Average annual house price growth hit a record 11% in February -- the highest rate since our report began in Jan 2013. It is somewhat unexpected that the market has maintained momentum given 30 year high inflation, rising interest rates and stretched housing affordability. The drive for space since the pandemic is still in play with house price growth for detached homes significantly higher than for flats. However, with events in Ukraine, inflation could rise further and potentially shake consumer confidence. Looking ahead, we expect activity and house price growth to return to more usual levels.

What’s happening nationally

House prices are up on average +0.9% in the past month and +11% in the past year.

Sorry your browser does not support the canvas element.

Indices based on:

Land Registry – registered property transactions in January.

Nationwide & Halifax – mortgage valuations in February.

Rightmove – asking prices posted on Rightmove in February.

*Rightmove is not included in the index average as the basis for its index is different (asking price vs agreed sale price)

Index reports: Monthly change Annual change
Land registry +0.4% +9.6%
Nationwide +1.7% +12.6%
Halifax +0.5% +10.8%
Rightmove +1.2% +9.5%
Average change +0.9% +11.0%

House prices in your area

Monthly changes in house prices have been mixed over the past month with some areas seeing a continued rise and others seeing a decline.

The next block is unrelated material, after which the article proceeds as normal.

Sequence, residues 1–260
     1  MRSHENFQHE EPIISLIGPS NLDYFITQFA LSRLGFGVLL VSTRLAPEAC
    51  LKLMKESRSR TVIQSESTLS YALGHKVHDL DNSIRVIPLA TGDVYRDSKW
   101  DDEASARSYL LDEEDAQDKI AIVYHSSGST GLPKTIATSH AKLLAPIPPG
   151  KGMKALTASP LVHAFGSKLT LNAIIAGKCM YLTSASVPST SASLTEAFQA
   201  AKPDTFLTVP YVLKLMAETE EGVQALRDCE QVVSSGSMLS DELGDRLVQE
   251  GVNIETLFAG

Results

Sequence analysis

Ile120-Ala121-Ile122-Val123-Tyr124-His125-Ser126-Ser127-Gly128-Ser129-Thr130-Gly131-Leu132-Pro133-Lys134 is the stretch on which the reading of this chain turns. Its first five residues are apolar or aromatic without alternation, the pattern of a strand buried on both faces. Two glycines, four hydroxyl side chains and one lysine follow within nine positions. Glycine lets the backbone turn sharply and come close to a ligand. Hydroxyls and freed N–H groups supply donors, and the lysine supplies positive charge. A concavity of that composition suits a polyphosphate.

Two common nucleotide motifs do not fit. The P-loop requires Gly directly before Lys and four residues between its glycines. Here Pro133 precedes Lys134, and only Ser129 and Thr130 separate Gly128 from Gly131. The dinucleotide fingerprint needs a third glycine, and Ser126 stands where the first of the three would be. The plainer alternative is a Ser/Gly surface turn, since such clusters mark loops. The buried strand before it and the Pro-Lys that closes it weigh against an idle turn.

However, most areas of the UK have seen a rise in annual house price growth of 10% or more over the past year. The exceptions are the North East (+8.3%), Yorkshire & Humber (+7.3%) and London (+2.2%).

Average house prices are highest in London and lowest in the North East.

House price growth also varies by property type. Detached homes have seen the biggest rise over the past year (+12.6%) and flats/ maisonettes the smallest (+5.1%) according to Land Registry data.  This may reflect regional price differences (more flats in London), as well as, higher demand for bigger properties and fewer properties of this type available for sale over the past year.

The latest cities house price data has yet to be released by Hometrack. City house prices are December 2021 figures.

Scotland 10% North East 10% South East 0.9% Yorkshire The Humber North West 10% Wales London Northern Ireland South West East Midlands East of England West Midlands
UK Region Average price £ Monthly change Annual change
Nothern Ireland
North West
Yorkshire and The Humber
North East
West Midlands
East Midlands
South West
East of England
South East
Data source: Land Registry
UK City Average price Annual change
Data source: Hometrack

Market Monitor

February transactions were up 4% on January but down 21% on February last year. However, by historical standards, transaction levels are higher than normal for this time of year (higher than they were in February 2020 or February 2019).

It continues to be a seller’s market with average stock levels near the 12 month low.

Time to sell dropped  to 36 days in February on par with the quickest months of the last 12 months.

Sorry your browser does not support the canvas element.

How busy is the market?

  • Not busy
  • Normal
  • Very busy
  • Transactions lower than last February but higher than 2020 and 2019 levels
  • Total transactions in Feburary 112K
  • +4% from last month
  • -21% lower than February last year

Homes for sale vs homebuyers

  • Good availability of homes